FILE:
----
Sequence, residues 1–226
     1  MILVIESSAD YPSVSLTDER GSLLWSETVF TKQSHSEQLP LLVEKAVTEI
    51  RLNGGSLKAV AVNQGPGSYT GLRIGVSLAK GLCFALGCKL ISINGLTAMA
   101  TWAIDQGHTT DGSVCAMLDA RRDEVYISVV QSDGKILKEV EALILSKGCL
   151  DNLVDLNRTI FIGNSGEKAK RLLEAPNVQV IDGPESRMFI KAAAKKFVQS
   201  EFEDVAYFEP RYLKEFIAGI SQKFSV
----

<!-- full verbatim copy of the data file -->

Sequence, residues 1–226
     1  MILVIESSAD YPSVSLTDER GSLLWSETVF TKQSHSEQLP LLVEKAVTEI
    51  RLNGGSLKAV AVNQGPGSYT GLRIGVSLAK GLCFALGCKL ISINGLTAMA
   101  TWAIDQGHTT DGSVCAMLDA RRDEVYISVV QSDGKILKEV EALILSKGCL
   151  DNLVDLNRTI FIGNSGEKAK RLLEAPNVQV IDGPESRMFI KAAAKKFVQS
   201  EFEDVAYFEP RYLKEFIAGI SQKFSV